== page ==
I purchased the Canon 17-40 mm lens in October of 2013.  If you look in my gallery you will see that I tend to shoot pretty wide open on the focal length. I own a telephoto, but I pride myself in my wide angle lens selection.  In October, I wanted more than what my 24-105 mm could offer.

First, I must preface this article with my camera, because this lens will have varying effects based on your camera whether it is a crop sensor or a full frame (Canon 5D Mark II & III and the 6D).  All of these images were shot with the Canon 6D.

Camera Sensor

Focal Length Equivalent

Full Frame

17-40 mm

1.6x Crop


Hands down I have to say this lens is incredible!  In my line of work (landscape photography) it is a must!  I have used many wide angle lenses in my career and find this one to be one of the best.  It, of course, has quite a bit of distortion on the 17mm side, but what wide angle lens wouldn’t?  I have come up with several ways to overcome the distortion in post processing so I do not lose the magic of a sweeping landscape at a wide open focal length like 17mm.  One of those ways can be seen at the end of this review.

Since October of last year I think I may have only done 3 lens swaps!  This has become my go-to lens because I know no matter what I am going to get something awesome at the end of the shutter click.  Especially at low angles, like the image below.


17-40 with the Lee Big Stopper attached.

The difference between the 17-40 and the 16-35:

It took me quite a bit of time to settle on the 17-40 as I was battling with the idea of the 16-35mm.  Anyone who has looked into the Canon Wide Angle line knows that these two lenses are very close in focal length, but the 16-35 is twice as expensive.  The major factor in the price difference is the aperture.  The 17-40mm has a maximum aperture of f/4.0, while the 16-35mm boasts a beautiful f/2.8!  However, the 17-40 comes in at just under $900 on Amazon, while the 16-35mm is around $1700.

I tossed around the idea of the 16-35 for quite some time.  When I say quite some time, I mean it took me nearly 3 months to decide.  I did a ton of research!  I found a lot of helpful advice from Ken Rockwellif you have never checked out his reviews I highly recommend them.  Since I did not have the luxury of shooting with both lenses I was really at the mercy of my research and the knowledge of my camera to determine which one I should purchase.


Same barn, same setup, different sunset.

Why I decided to go with the 17-40mm lens

After reading about both extensively on many forums and Ken Rockwell’s site, I determined 3 things.

The first was that 1 mm may not be that big of a difference on a full frame camera.  My initial thought about that one extra millimeter was that I would probably just find more distortion there and would need to do more work in post processing to get it precisely where I wanted it.  Wide Angle lenses produce so wicked distortion, especially on straight lines like buildings and interiors.  It is easy to fix after the fact if you own Photoshop, it is just one more step you have to take.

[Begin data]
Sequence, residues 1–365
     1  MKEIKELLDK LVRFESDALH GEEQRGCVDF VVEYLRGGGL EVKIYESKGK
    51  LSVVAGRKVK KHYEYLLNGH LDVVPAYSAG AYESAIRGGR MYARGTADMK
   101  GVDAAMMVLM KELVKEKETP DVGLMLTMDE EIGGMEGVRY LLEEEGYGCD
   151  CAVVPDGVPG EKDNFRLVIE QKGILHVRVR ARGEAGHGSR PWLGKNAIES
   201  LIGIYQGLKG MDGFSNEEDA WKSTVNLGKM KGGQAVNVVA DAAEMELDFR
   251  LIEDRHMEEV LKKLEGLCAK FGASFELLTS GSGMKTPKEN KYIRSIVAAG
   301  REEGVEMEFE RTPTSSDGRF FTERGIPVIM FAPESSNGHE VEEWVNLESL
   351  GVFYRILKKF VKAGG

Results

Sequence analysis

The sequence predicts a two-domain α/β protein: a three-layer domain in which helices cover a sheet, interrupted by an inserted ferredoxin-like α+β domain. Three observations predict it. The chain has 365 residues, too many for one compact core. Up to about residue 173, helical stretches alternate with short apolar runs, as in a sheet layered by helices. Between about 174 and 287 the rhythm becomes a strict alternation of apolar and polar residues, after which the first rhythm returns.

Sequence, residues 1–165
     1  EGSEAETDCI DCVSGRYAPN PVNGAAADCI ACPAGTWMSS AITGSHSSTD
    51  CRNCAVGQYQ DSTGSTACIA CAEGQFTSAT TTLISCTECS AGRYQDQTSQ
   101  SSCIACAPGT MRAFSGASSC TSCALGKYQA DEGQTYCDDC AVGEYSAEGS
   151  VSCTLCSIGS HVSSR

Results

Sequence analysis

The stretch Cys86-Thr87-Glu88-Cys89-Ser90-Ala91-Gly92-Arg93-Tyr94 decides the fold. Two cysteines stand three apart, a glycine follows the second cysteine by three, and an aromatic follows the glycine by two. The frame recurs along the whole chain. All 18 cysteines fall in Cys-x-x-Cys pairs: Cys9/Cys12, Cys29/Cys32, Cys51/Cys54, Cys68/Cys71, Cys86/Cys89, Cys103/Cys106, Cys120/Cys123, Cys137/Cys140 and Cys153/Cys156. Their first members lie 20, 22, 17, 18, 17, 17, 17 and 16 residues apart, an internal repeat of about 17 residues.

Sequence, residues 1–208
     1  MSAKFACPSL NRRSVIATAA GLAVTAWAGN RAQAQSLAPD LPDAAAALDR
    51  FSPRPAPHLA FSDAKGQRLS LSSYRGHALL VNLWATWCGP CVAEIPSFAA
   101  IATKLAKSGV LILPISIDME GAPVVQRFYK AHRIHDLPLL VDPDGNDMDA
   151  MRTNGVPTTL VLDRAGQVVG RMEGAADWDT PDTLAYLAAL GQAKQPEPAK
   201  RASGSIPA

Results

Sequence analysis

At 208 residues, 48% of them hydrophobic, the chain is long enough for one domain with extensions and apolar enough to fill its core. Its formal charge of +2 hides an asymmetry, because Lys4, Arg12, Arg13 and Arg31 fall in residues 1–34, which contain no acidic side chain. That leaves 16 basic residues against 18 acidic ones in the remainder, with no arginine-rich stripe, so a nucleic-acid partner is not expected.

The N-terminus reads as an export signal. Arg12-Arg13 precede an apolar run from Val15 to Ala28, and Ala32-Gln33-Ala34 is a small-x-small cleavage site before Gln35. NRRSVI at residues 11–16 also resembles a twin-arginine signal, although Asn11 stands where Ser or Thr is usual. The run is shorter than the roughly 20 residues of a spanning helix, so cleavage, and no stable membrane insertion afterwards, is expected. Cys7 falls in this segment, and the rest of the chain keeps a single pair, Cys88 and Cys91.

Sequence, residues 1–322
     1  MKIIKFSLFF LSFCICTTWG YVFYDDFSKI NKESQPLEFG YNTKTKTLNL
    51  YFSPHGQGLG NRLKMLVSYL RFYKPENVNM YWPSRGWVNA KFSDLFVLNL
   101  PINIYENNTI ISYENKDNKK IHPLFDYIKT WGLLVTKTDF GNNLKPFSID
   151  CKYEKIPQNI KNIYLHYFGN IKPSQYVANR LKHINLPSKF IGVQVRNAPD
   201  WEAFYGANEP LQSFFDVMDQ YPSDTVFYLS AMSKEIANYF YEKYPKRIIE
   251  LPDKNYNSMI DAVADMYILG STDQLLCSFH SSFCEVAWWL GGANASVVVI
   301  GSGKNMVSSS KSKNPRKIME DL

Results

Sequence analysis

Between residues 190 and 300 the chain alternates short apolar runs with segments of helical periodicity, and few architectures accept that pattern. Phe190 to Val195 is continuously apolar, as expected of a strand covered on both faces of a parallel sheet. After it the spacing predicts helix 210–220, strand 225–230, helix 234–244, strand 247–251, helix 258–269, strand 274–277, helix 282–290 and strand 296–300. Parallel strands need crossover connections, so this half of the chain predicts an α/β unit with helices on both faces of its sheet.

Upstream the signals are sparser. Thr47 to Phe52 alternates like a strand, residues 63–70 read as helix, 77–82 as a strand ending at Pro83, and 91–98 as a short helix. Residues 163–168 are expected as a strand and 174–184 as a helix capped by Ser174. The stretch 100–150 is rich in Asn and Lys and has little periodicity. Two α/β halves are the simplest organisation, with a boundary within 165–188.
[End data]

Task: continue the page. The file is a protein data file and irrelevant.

The second thought (which was more like a novel in my head) was the maximum aperture difference, precisely, the difference between a whole stop.  I battled with the f/2.8 and f/4.0 difference for hours and finally determined that with the ISO technology in the Canon 6D, I could very easily double my ISO to make up for the aperture difference.  Sure, I would miss out on any bokeh that the extra f-stop would offer, but you can always fake it till you make it in Photoshop right?

The third thing that was an added bonus, but not a necessity, was that it has the same 77mm threads as my 24-105mm.  Any photographer knows that filters and lens accessories can get pretty pricey.  However, if the accessory can be used on multiple lenses, then you get the most bang for your buck!  I also own the Lee Big Stopper with the setup for a 77mm lens and it is nice that both lens can share the pleasure of the Big Stopper!


Vertorama with the 17-40 mm lens. This was 5 HDR images shot horizontally to create a vertical panorama.

In Closing

If you are anything like me, you are probably seeing this review because you are trying to determine which lens to sell your soul to.  I have had nothing but success with this lens and would buy it again in a heartbeat.  This is a great lens and well worth the money for any landscape or interior architecture photographer.

Although, if I had the $1700 to drop without any buyers remorse, I would probably have gone with the 16-35mm.  However, the price difference is about 31 large boxes of diapers, you can see where my priorities lie.  I can only imagine how much of a beast it is if the 17-40 is such a miracle worker.



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Blake Rudis
f.64 Academy and f.64 Elite are the brainchildren of Blake Rudis. While he is a landscape photographer, he is most passionate about post-processing images in Photoshop and mentoring others.

For Blake, it's all about the art and process synergy. He dives deep into complex topics and makes them easy to understand through his outside-the-box thinking so that you can use these tricks in your workflow today!
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